The deeper connectedness that comes with Cultural Maturity’s changes is in part a product of the fact that we bring ourselves more wholly to the task of relating—and are thus capable of engaging in fuller ways. But there is a further factor that follows from just what human complexity includes. Along with heightening our capacity for difference, Cultural Maturity’s cognitive changes offer that we might draw more consciously on parts of ourselves that appreciate that to live is to be connected—to others we care about, in community, with nature, and with existence more generally. This deeper capacity for connectedness cannot happen without first recognizing our fundamental distinctness. But this additional contribution is essential to fully realized Whole Person identity and relationship.
The myth of the individual has pertinence not just to how we think about relationships and individual identity, but also to how we conceive of human institutions—and of all sorts. Common assumptions about government as we know it make a good point of reference. We’ve tended to think of modern representative government—as with Modern Age institutions of all sorts—as an ideal and endpoint. Part of the argument for this conclusion (if we need an argument—people at every cultural stage assume their particular reality is complete and culminating) is that modern institutional democracy is “government by the people.” By this we mean government as an expression of individual choice.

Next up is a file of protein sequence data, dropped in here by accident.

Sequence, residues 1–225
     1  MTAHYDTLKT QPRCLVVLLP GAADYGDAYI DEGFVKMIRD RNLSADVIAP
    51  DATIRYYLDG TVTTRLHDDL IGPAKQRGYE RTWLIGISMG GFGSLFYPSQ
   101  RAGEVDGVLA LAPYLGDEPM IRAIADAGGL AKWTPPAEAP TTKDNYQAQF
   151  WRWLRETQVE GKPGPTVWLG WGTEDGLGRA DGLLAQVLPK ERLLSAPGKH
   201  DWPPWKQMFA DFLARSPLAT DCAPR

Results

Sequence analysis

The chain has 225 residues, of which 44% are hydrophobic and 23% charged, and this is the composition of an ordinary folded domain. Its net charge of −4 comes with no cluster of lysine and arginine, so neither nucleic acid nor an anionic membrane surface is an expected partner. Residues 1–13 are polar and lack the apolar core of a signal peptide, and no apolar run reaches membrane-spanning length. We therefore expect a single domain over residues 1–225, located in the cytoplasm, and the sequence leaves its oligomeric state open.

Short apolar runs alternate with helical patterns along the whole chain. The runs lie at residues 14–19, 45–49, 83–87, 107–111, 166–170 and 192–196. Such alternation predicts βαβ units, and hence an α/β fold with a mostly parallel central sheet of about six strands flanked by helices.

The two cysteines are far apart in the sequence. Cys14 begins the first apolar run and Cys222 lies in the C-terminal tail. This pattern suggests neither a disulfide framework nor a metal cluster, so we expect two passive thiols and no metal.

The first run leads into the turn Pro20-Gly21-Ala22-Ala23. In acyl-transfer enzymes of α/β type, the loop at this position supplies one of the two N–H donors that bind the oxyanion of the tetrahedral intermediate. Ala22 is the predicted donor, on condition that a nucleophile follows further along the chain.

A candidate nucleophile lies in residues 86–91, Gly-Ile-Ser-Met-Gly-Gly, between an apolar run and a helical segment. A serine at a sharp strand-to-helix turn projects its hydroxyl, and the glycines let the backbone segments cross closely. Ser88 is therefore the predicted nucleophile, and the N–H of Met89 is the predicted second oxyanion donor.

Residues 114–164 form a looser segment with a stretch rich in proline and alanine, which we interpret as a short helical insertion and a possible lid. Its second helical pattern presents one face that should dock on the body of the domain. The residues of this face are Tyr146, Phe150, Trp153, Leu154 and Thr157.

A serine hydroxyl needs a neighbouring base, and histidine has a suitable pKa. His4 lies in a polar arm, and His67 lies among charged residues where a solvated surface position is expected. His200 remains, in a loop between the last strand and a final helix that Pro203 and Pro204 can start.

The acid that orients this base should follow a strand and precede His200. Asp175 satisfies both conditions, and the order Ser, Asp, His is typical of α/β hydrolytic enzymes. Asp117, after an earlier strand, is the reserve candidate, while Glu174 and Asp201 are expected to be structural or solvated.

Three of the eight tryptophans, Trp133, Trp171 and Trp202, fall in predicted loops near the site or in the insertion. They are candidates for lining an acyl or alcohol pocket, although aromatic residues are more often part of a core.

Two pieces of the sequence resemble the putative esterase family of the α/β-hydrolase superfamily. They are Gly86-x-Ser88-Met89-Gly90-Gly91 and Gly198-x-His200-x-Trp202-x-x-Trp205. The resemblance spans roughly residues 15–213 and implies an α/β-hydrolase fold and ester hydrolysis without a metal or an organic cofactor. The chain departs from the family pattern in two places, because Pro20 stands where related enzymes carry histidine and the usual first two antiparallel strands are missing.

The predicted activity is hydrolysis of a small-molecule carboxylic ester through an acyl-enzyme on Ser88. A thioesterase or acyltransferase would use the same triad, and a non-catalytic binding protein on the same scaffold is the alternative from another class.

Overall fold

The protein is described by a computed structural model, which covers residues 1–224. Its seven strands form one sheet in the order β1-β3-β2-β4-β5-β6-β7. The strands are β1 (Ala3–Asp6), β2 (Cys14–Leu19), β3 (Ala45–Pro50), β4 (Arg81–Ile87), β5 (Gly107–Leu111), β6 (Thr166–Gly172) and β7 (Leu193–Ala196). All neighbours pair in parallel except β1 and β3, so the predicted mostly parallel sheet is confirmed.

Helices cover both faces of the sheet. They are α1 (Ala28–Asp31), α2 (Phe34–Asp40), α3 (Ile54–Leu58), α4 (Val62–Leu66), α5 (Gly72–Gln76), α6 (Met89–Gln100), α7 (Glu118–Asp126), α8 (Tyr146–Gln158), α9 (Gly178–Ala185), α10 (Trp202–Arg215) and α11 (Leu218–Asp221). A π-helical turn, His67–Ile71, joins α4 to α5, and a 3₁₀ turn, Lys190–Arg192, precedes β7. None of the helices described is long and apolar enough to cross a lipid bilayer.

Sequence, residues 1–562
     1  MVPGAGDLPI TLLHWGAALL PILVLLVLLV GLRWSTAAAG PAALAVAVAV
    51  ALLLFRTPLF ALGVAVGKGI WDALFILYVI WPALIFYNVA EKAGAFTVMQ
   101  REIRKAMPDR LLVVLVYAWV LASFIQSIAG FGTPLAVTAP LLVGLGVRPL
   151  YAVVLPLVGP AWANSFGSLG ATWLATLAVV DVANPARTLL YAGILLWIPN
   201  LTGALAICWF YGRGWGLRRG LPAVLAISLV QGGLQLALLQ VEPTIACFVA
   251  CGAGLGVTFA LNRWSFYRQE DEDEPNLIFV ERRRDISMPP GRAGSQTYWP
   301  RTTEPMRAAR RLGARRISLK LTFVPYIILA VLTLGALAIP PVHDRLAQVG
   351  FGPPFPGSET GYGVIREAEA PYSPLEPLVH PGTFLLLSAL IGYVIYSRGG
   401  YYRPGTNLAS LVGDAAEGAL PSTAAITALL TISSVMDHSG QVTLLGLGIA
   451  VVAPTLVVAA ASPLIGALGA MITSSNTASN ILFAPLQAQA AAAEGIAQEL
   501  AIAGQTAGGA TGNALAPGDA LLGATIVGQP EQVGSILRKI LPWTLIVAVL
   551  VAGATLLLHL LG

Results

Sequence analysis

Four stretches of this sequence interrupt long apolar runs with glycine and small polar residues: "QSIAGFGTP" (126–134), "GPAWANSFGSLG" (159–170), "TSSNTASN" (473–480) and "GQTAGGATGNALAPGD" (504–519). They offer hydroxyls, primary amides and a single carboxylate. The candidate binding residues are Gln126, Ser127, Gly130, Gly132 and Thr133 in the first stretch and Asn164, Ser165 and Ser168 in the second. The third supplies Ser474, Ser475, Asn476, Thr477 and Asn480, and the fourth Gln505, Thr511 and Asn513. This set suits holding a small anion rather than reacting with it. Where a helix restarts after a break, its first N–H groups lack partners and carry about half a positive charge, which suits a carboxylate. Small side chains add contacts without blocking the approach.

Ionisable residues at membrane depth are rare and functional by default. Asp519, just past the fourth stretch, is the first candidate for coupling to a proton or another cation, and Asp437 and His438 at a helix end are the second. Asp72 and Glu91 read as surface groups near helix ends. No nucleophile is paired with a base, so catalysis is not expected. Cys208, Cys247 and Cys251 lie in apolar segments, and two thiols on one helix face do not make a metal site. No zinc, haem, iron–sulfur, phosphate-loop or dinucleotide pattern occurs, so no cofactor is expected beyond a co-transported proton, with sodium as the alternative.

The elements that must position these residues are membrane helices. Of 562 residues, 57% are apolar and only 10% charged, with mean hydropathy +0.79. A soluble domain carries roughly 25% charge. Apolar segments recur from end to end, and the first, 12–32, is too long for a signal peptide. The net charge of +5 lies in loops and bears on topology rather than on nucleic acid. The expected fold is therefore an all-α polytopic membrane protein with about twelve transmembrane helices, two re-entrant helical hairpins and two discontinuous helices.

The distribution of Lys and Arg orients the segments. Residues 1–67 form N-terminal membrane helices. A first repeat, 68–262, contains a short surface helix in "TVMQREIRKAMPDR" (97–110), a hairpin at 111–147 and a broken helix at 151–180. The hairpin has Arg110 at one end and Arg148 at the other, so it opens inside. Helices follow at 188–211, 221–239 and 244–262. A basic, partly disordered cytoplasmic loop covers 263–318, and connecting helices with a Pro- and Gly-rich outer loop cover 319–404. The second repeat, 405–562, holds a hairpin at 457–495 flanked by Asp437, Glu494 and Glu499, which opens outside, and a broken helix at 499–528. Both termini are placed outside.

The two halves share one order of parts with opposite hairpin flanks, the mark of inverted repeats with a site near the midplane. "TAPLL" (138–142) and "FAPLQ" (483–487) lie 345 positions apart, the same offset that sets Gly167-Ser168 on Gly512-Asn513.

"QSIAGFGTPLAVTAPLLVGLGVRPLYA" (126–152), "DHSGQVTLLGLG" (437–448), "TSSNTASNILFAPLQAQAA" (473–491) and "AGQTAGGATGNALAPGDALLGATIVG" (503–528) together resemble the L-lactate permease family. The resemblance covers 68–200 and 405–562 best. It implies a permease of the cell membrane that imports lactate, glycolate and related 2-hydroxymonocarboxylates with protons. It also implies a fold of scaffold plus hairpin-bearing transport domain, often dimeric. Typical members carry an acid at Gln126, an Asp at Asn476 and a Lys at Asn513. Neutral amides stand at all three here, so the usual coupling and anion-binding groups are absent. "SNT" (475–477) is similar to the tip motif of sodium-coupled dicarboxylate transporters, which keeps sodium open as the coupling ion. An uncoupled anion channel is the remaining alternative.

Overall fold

But while certainly it is the case that Modern Age democracy involves greater choice than the governmental forms of any earlier cultural stage, the Myth of the Individual suggests that what we have seen thus far is individual determination only of a limited sort. We have not yet witnessed government-by-the-people, at least not in the mature systemic sense the concept of Cultural Maturity proposes is now becoming necessary and possible.
Democracy in the sense of whole people taking full responsibility for their choices requires a further step in our evolution as choice-making beings. In other writings I’ve observed several different Cultural Maturity-related changes that could contribute to next chapter in government. I think specifically of stepping beyond seeing nation states (and their institutions) as mythic parents, setting aside ideological polarization and partisan pettiness, and leaving behind mythologized concepts of leadership. We can now add one more that in an import way brings all the others together: Culturally mature governance becomes more authentically government by the people, government as an expression of human identity in its fully mature manifestation.